Several folks had their Starwood Preferred Guest accounts drained over the past week, many of whom have shared their stories with me.
[A] Starwoods-specific account-checking tool that was released for free on Leakforums[dot]org, an English-language forum dedicated to helping (mostly low-skilled) misfits monetize compromised credentials from various online services, particularly e-retailers, cloud-based services and points or rewards accounts.
What it did was simply let folks check to see if data that had been stolen in other hacks could be used to access Starwood accounts.
Since people use their email address as a user ID, and the same passwords across many sites, simply taking a database of stolen usernames and passwords will generate a good hit ratio across other sites.
Not everyone on one site is a member of another. And of course usernames and passwords do vary.
- Every site will tell you to use a unique strong password
- Every site will tell you to change your password regularly
- Nobody does it, and few sites are really serious about it
In fact, most sites don’t really want you to use a unique strong password that you change all the time. Because if you do you’re going to forget it, and you won’t be able to easily access their site. And they want you to easily, regularly, engage with their site.
There’s not a great solution to the commercial needs which conflict with security needs. While strong, regularly changed passwords are great against mass hackings, which is how most data is taken nowadays, it also means that people will forget their passwords so they have to write them down. In a central place. Often in a spreadsheet, that’s on their computer or in a gmail account. Which is hackable.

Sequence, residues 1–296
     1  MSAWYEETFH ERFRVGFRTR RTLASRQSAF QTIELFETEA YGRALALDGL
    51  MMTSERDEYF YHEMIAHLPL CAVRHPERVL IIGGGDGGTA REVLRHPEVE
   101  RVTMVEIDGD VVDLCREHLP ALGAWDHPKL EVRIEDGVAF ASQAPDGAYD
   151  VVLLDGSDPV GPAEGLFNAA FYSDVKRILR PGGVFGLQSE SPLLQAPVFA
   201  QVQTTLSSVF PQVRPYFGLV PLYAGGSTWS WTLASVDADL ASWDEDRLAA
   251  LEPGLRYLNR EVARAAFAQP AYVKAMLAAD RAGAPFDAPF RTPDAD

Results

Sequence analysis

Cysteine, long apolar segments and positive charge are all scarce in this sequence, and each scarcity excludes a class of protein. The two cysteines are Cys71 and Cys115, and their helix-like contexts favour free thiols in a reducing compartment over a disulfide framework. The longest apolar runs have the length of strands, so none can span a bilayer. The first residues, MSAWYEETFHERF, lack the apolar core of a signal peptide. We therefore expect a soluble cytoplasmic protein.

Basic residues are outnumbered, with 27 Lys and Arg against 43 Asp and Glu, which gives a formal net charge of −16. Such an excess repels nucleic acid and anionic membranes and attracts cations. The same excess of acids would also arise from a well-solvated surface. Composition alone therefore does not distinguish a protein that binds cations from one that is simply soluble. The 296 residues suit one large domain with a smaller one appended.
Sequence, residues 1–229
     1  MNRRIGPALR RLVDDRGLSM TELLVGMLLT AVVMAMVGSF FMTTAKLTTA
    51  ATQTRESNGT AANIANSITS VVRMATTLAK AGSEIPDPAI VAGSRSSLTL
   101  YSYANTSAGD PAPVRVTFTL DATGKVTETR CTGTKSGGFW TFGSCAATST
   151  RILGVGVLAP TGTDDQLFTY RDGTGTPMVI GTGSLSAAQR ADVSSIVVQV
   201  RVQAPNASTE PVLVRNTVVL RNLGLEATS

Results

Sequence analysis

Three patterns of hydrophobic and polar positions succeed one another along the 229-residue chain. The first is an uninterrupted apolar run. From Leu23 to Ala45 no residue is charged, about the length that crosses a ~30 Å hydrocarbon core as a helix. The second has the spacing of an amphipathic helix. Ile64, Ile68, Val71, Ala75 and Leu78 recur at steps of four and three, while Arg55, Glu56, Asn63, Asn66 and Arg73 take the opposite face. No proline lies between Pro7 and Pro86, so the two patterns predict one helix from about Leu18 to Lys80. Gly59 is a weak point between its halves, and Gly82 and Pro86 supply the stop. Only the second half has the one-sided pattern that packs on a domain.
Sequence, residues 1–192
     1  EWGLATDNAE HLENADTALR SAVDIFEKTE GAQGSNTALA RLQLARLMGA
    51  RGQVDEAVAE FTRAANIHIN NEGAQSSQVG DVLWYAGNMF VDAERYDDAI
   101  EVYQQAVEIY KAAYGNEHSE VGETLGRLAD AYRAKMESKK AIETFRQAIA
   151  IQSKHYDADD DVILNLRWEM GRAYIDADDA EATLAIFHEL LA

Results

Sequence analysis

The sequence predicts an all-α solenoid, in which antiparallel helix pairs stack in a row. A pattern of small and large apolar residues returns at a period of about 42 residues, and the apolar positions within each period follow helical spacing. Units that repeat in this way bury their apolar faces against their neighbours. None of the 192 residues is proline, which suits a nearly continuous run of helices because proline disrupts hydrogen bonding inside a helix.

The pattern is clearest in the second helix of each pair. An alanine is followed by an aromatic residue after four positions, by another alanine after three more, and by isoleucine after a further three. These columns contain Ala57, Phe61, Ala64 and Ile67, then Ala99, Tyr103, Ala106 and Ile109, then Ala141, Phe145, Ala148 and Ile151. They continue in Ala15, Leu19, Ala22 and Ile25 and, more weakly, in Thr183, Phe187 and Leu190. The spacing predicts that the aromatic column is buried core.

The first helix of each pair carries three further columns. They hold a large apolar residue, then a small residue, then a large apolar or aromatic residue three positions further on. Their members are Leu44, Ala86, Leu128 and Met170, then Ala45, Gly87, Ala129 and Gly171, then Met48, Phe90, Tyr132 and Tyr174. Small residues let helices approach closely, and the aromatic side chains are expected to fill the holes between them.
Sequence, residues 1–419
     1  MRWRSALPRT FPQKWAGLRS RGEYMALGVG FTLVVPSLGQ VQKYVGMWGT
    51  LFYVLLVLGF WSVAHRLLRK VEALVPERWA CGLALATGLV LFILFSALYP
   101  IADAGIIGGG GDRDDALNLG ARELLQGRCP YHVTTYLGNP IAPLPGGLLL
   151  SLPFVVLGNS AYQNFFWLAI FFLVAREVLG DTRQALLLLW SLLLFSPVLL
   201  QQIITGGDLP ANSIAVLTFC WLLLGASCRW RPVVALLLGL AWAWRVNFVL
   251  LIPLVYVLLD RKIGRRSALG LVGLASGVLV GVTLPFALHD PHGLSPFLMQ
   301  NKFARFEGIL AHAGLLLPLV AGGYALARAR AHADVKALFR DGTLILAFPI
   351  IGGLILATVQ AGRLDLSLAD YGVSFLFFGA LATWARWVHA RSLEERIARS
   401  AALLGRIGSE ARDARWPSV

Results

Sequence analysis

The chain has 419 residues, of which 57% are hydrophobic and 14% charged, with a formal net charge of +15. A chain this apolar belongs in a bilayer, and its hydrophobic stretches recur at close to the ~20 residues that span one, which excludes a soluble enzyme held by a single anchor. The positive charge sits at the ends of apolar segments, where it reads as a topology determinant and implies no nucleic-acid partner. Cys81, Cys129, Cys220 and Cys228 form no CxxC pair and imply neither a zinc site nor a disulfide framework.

How much does a hacked Starwood account bring?
One seller advertised a Starwood account with 70,000 points for sale at just $3, while accounts with about 40,000 points sold for $1.50.
What’s amazing is that that’s even less than what Hilton points sell for on the DarkNet.
Starwood’s Chris Holdren assures members that no one will lose a single point over this hack. That’s great, and it’s important for assuring continued guest engagement and loyalty. But it’s also the kind of indemnification that ensures members have little incentive to change behavior — since it’s costless to use the same password, almost everyone will continue to do so.
With all the hacks, are you changing your passwords? Do you think you’ll remain vigilant going forward?
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